Tattooing Commitment, Quality, and Football in Southeastern North America
Monday, April 3, 2017
Tattooing appears to be a cultural and psychological pattern of behavior rooted in Darwinian processes. It is the result of an evolved tendency to manipulate human bodies in meaningful ways with distinctive benefits. Tattooing can signal group affiliation or commitment through using the body as a human canvas. Tattooing also provides cues about biological quality because it is an injury to the body, and the healing process on the surface of the skin is visible to everyone and impossible to fake. These factors make tattoos costly honest signals, consistent with evolutionary models in multiple species, including humans. I review the functions of tattooing from an evolutionary perspective, outline historic and prehistoric evidence from the North American Southeast, analyze biological implications, and discuss contemporary functions of tattooing among college football fans as a signal of commitment and quality.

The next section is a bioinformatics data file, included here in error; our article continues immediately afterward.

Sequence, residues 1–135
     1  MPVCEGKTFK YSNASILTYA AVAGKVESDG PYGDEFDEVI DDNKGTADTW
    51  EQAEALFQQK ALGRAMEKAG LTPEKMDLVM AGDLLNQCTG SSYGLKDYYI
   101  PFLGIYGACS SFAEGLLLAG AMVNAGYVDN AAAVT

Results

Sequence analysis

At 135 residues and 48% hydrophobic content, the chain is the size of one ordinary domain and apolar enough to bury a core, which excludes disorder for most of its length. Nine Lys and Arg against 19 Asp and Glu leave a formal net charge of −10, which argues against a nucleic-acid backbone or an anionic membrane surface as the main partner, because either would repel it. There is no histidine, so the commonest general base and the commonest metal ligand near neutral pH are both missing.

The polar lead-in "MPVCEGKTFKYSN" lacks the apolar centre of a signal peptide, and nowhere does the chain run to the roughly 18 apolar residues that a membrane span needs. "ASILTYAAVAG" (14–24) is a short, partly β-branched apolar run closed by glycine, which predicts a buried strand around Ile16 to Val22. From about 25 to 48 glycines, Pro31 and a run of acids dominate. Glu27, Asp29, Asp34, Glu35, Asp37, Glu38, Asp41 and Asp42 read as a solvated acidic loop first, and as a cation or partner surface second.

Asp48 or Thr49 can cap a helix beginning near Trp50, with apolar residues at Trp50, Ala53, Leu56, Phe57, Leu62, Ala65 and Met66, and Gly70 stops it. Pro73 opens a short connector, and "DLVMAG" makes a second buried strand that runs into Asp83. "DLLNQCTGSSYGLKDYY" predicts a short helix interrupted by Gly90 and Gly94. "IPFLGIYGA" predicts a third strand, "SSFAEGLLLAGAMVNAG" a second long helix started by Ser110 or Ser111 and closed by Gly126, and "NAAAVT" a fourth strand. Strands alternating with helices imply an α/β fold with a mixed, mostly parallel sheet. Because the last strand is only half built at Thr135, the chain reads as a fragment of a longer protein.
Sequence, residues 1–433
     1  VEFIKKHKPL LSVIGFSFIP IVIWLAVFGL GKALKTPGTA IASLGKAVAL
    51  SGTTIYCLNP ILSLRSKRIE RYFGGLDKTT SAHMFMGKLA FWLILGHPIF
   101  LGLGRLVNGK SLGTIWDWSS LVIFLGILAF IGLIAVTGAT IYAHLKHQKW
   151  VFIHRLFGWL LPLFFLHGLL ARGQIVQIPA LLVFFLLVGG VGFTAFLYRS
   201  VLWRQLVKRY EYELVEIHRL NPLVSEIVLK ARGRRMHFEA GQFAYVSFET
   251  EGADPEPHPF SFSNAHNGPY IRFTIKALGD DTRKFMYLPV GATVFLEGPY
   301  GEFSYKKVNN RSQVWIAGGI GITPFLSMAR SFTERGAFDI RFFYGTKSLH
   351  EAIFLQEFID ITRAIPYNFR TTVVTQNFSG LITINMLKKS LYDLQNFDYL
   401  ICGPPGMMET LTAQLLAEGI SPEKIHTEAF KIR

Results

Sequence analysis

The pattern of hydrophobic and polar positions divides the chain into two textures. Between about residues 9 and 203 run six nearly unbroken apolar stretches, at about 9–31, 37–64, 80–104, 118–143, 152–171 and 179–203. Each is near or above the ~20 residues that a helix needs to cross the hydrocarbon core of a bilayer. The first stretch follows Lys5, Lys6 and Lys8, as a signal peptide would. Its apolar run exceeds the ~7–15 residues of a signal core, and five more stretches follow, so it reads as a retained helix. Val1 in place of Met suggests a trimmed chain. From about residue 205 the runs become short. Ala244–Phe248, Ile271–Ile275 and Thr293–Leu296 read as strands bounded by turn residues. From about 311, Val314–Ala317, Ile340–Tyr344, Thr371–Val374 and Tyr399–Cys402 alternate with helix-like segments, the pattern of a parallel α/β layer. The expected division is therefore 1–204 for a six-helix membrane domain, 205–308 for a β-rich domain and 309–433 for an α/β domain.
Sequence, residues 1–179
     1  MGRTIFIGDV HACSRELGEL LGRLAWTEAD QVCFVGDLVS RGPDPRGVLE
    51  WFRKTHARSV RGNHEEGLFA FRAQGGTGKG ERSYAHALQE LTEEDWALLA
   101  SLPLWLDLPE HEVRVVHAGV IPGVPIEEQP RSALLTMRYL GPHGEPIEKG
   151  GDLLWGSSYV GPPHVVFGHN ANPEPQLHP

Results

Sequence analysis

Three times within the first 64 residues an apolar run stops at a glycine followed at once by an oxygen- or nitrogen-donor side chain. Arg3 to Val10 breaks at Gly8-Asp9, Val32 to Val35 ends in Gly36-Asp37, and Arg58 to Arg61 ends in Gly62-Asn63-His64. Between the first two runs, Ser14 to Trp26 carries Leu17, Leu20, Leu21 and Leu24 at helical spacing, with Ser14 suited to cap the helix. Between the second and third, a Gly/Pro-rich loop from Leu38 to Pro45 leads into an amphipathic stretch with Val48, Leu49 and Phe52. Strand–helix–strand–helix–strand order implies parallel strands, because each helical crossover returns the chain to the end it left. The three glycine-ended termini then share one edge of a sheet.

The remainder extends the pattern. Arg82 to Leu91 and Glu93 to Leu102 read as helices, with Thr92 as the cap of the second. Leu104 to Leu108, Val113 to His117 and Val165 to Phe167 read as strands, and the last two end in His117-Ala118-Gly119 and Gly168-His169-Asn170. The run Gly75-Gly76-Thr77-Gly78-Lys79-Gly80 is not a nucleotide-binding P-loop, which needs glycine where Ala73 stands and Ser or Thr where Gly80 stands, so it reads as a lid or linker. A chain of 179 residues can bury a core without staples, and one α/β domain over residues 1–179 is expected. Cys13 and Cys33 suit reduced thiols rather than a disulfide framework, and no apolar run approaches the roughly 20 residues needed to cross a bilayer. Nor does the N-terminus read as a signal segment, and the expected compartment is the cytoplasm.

This talk is based on a chapter I co-authored in the edited volume Evolution Education in the American South (Palgrave-Macmillan 2017).
About the speaker
Christopher D. Lynn is an associate professor of anthropology and director of evolutionary studies at the University of Alabama. He studies the diversity and evolution of non-conscious cognitive behaviors that underlie cooperation, ritual, and recreation. He has worked in Costa Rica, the U.S., and American Samoa. He is editor of Evolution Education in the American South: Culture, Politics, and Resources in and Around Alabama (Palgrave Macmillan 2017) and has published in Anthropology of Consciousness, Evolutionary Behavioral Sciences, Evolutionary Psychology, Religion, Brain and Behavior, Anthropology Now, Journal of Cognition and Culture, Ethos, Annals of Anthropological Practice, and American Journal of Human Biology.
David Sloan Wilson, Director
Susan Ryan, Program Coordinator
evos @ binghamton.edu